071708stopsnitch.jpgCity Council Speaker Christine Quinn, Reverend Al Sharpton, and other community leaders gathered in East Harlem yesterday to paint over a mural (pictured) showing a rat with a noose around its neck and the slogan “Stop Snitching.” The phrase has become something of a mantra in recent years in high-crime neighborhoods, where speaking to the police is seen by some as treason that should be violently punished.

Sharpton said he was wearing his running suit for the first time in 20 years to paint and told reporters, “You cannot have mixed messages, you can’t say stand up if we’re discriminated against, that’s testifying, but if we do it to each other, that’s snitching. Crime is crime is no matter who the criminal, no matter who the victim.” But the mural had been painted on the building by Tats Cru – a group well known for memorializing victims of crime – with the permission of the previous owner. Donna Lieberman of the New York Civil Liberties Union objected to the city’s move to cover it up:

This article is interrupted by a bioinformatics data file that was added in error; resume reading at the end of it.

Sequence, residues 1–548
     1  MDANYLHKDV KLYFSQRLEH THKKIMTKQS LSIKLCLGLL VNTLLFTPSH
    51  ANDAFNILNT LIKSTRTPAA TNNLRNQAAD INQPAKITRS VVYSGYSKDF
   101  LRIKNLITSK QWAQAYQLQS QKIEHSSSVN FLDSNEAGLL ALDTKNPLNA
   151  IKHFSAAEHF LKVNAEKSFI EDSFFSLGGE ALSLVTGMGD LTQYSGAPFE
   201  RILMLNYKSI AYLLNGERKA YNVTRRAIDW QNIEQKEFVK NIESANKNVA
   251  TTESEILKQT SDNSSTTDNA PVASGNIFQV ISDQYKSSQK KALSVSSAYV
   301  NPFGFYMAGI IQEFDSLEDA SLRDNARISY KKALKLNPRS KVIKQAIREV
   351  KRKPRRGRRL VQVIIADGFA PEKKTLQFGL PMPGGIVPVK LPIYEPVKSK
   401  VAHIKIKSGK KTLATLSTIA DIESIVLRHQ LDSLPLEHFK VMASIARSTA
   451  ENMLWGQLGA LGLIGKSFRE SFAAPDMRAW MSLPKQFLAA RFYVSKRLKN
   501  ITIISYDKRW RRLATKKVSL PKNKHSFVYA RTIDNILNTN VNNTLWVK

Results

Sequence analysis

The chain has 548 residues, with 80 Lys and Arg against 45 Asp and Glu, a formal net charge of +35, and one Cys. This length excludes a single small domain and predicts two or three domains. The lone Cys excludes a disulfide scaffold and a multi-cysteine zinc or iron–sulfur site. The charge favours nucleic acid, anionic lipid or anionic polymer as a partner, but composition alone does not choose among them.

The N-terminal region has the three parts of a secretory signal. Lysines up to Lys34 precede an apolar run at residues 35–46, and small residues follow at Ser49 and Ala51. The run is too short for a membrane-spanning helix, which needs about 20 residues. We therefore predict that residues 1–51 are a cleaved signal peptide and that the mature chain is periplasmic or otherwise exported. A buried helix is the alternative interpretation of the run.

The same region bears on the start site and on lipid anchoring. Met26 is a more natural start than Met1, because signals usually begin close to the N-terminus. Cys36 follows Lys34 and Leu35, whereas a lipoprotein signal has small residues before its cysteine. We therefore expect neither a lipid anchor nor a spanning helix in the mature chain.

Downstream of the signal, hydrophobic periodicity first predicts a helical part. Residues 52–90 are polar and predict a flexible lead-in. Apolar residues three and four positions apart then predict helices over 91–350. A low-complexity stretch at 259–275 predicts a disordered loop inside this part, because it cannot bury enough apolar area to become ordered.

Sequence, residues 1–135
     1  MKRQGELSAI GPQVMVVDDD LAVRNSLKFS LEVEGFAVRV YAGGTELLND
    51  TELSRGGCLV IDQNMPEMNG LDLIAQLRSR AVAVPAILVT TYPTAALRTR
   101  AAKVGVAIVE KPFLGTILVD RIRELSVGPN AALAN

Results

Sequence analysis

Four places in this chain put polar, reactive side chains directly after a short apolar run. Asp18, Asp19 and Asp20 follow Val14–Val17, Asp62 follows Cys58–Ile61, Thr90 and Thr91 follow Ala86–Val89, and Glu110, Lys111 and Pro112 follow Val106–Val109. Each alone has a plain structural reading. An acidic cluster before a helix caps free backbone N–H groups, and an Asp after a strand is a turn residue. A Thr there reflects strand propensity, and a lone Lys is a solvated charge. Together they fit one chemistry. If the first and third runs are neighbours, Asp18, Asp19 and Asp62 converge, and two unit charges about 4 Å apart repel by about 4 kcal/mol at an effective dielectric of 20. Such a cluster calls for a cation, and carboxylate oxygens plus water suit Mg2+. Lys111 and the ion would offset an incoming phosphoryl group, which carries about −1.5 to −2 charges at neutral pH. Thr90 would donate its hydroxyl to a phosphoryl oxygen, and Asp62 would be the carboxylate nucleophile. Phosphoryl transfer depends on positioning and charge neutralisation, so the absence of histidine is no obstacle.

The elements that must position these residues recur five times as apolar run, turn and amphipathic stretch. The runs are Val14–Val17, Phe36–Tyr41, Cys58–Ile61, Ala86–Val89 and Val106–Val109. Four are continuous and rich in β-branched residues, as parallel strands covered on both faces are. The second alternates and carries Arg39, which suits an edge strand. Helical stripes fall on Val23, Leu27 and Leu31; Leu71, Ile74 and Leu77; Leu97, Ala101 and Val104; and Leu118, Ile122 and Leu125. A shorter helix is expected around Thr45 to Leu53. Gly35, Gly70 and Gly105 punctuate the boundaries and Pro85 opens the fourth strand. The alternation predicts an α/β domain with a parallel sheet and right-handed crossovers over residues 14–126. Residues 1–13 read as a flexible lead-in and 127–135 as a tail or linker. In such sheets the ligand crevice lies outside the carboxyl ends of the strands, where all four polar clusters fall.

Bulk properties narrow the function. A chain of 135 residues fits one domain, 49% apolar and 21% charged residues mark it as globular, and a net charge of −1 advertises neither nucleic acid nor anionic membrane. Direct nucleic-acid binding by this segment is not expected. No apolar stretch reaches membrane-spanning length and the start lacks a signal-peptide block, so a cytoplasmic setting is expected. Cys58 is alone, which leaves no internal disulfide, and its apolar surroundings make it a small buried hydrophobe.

What we have here is an example of straight up censorship. It’s fine for community leaders to rally against this message, but in a society that values free speech, it’s unacceptable to compel anybody to remove a message from their property, simply because civic leaders object, no matter how tasteless that message is.

The building’s current owner had been informed that he could let the city paint it over or be fined. Council Speaker Quinn declared, "We are not going to stand for it. Anyplace you go with paint, we will follow you with paint." But local teens seemed unimpressed with the spectacle, according to the Times: “It’s not because it’s not cool to snitch,” said 14-year-old Stephanie Ballesteros. “People are afraid they might get killed, so they stay quiet.”